On August 16th, at the prompting of a nationwide fuel shortage brought about by the years-long economic crisis ravaging the country, Lebanese President Michel Aoun claimed that steps are finally being taken to form a working government within the next couple of days. As of August 20th, no government has yet to be formed, indicating a potential continuation of the trend of the Lebanese government’s political inaction that has paralyzed the country in the past few years. This trend has prevented it from recovering from the advancing economic collapse that has thrown over half of the country into poverty.
Lebanon has been slowly unraveling economically over the past two decades, with the crisis truly beginning in the fall of 2019, and escalating significantly after the famous Beirut port explosion in August of last year. Ever since the civil war that occurred in the 1990s, Lebanon has experienced widespread corruption in the government, with upper-level officials using public funding and national bank reserves to finance their personal expenses for decades. The central bank was able to prop up this spending for several years after the economy was restructured to be based around foreign investments and the de-incentivization of labour productivity in the country. However, according to the economics professor at the American University of Beirut Nisreen Salti in an interview for Democracy Now!, this concentrated the majority of the country’s money into the hands of “a very small class of business interests, namely import cartels and bank owners and real estate developers, [people] closely connected to a political class.” This resulted in devastating income inequality and national debt, “and the minute the dollar inflows stopped, which is what happened in the fall of 2019 when the crisis started, the entire system crumbled.”
This collapse has devastated the Lebanese economy. According to the Middle East Institute, “GDP is estimated to have contracted by 25% in 2020, with an additional 10-15% decline forecasted for the rest of 2021. When measured in USD, the Lebanese economy may end up shrinking from $60bn in 2018 to $15bn in 2021.” Taking into account the human costs, “An extreme form of wealth destruction is taking place, with the Lebanese people de facto losing the majority of their bank savings. Meanwhile, four out of every ten Lebanese are out of work, and half the population is under the poverty line.” Now with the widespread fuel and water shortages, Lebanese citizens are struggling to get by. Trust in the government has declined dramatically, and if the crisis continues, there is projected to be a mass exodus of young, skilled workers leaving Lebanon in the next few years, further stripping a potential government of any economic sway or bargaining power.
Nothing can be done to address the crisis in the long term if Lebanon doesn’t form a working government soon. However, government officials have a history of “malign neglect,” which is an approach that has been adopted in an attempt to avoid the political class taking accountability for any economic issues for fear of angering the business class that controls them or further polarizing the various sects that exist within the government. This has resulted in the country being without a consistent governmental body since the beginning of 2020, and this trend does not seem to be stopping anytime soon.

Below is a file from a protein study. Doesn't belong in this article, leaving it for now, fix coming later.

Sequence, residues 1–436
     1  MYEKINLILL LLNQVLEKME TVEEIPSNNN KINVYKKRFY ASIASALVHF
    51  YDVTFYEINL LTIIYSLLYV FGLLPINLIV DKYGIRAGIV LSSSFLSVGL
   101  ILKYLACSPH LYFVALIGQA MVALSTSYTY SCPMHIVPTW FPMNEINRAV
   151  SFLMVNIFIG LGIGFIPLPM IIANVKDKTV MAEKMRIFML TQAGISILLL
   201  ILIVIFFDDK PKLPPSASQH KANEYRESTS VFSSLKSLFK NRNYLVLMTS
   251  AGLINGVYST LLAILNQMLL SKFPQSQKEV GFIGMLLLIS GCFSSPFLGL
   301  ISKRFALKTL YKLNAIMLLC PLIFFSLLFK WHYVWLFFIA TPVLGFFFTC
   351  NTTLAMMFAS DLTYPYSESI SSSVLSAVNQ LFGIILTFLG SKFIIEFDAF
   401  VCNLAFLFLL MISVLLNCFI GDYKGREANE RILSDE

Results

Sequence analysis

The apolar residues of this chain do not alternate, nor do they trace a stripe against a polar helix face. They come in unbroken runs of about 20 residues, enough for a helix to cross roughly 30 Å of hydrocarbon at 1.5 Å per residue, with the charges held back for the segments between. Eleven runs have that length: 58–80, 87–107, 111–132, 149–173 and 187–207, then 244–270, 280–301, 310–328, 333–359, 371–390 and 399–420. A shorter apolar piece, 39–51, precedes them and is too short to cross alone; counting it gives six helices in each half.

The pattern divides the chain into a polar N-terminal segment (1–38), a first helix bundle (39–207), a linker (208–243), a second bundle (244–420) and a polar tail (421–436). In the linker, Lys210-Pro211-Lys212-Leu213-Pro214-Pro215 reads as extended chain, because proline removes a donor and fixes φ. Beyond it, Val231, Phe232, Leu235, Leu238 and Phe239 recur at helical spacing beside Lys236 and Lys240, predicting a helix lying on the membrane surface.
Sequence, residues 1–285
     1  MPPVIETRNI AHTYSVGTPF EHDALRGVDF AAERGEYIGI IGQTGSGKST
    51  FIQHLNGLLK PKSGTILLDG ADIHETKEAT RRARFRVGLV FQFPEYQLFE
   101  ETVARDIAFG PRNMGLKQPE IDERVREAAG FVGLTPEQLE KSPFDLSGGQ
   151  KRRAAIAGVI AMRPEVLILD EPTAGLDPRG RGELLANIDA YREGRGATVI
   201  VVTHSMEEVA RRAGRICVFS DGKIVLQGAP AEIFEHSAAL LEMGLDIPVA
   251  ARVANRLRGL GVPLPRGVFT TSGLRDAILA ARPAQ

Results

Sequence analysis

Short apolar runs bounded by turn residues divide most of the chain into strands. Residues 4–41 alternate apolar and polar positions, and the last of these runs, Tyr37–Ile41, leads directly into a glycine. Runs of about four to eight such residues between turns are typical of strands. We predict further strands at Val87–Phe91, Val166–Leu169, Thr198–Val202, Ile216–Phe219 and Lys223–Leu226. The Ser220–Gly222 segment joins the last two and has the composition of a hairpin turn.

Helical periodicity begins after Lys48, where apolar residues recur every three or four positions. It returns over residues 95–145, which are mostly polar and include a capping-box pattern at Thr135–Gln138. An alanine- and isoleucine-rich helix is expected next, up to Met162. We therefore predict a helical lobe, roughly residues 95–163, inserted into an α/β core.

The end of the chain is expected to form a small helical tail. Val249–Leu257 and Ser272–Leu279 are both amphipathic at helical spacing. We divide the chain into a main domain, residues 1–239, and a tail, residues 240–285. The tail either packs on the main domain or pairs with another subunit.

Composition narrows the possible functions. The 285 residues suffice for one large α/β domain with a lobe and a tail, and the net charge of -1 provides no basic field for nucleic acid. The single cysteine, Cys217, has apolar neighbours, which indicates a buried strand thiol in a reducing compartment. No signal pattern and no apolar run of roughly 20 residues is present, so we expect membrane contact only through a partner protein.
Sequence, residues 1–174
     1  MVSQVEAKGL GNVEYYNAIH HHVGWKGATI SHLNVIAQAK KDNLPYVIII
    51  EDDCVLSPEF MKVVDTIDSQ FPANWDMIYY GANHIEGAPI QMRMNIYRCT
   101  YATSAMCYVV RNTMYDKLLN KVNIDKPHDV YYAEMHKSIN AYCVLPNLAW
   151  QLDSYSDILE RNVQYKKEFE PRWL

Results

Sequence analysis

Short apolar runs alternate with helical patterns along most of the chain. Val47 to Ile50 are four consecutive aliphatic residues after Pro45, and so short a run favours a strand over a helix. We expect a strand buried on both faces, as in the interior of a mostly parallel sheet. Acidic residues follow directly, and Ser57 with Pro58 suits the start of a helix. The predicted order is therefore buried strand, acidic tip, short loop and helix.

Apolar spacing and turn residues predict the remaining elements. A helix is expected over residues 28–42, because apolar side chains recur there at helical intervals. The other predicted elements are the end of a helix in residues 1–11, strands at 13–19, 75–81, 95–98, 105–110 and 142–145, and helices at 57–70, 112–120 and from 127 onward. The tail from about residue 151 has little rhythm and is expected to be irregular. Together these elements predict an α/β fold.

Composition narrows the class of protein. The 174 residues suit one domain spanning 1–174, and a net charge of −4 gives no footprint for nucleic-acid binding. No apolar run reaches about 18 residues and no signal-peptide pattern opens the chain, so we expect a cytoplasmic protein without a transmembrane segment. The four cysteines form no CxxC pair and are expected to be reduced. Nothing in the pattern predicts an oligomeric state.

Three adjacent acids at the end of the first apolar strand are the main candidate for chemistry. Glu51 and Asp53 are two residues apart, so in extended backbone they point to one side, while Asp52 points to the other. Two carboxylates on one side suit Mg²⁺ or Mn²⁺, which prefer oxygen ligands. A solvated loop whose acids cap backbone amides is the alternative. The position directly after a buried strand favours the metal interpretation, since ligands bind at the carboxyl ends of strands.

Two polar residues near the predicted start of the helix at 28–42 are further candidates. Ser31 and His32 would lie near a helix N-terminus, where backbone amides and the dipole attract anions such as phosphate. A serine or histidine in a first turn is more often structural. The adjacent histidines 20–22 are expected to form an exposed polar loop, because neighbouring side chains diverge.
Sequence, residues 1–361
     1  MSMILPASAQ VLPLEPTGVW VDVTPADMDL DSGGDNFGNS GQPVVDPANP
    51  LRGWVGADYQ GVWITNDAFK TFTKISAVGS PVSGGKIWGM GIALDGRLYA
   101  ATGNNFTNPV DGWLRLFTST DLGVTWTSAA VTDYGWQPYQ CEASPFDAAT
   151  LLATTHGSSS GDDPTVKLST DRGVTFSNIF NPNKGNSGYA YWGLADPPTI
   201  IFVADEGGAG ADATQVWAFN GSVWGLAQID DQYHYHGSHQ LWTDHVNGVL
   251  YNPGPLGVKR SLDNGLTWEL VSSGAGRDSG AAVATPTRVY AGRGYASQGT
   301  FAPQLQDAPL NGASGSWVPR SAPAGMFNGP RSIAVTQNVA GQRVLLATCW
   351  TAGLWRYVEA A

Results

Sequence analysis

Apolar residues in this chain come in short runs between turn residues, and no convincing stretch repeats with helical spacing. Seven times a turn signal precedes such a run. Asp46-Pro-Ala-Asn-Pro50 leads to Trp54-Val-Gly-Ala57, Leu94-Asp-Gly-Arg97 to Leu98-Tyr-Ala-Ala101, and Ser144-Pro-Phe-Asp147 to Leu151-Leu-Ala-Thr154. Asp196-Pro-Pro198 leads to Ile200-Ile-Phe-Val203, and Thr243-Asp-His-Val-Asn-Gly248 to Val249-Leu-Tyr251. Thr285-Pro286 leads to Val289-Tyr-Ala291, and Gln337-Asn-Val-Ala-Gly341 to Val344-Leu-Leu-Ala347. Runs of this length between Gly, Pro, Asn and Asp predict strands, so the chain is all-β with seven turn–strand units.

The Middle East Institute has identified likely scenarios of how this crisis could play out in the next few months. Lebanon has long fallen back on the idea that foreign countries will come to save them from their economic crises, as has been the case for the past few years. Even now, the United States and Hezbollah are racing to see who can secure fuel supplies, and thus political power, in Lebanon. However, there’s only so much that foreign powers can do to prop up a country that is collapsing, and it cannot serve as a long-term plan.
The best-case scenario, according to the Middle East Institute, would be for the country to come to a “political consensus around a comprehensive economic program, on which basis a credible and independent government with emergency legislative powers could be formed.” This government could then make a deal with the International Monetary Fund (IMF) to take out a loan and then form a three-year plan to restructure debt allocation and the corrupt banking sector and put the country on a path of recovery. However, given the extensive infighting within the entrenched political class as well as the long-term economic commitment necessary to facilitate this, the probability of this happening is incredibly low.
The most likely scenario would be a “muddle through” approach that, with the resources of Hezbollah, America, and the IMF, would seek to paralyze the economic crisis until the national elections in 2022, where a new government could be instated, and more robust economic plans could be discussed. However, all of this is centered around the assumption that a Lebanese government can be formed in the near future, and the economic crisis needs to remain the main focus as political negotiations unfold in the next few weeks.
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